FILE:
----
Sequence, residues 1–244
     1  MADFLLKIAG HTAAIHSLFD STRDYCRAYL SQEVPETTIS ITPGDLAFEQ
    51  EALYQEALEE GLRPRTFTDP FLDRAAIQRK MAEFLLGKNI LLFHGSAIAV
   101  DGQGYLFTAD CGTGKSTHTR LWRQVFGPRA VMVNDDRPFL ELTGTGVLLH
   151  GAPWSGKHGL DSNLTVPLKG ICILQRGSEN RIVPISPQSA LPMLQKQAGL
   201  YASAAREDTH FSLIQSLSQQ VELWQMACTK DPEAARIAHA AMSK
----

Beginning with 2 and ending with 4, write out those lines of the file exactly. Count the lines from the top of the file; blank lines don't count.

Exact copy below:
     1  MADFLLKIAG HTAAIHSLFD STRDYCRAYL SQEVPETTIS ITPGDLAFEQ
    51  EALYQEALEE GLRPRTFTDP FLDRAAIQRK MAEFLLGKNI LLFHGSAIAV
   101  DGQGYLFTAD CGTGKSTHTR LWRQVFGPRA VMVNDDRPFL ELTGTGVLLH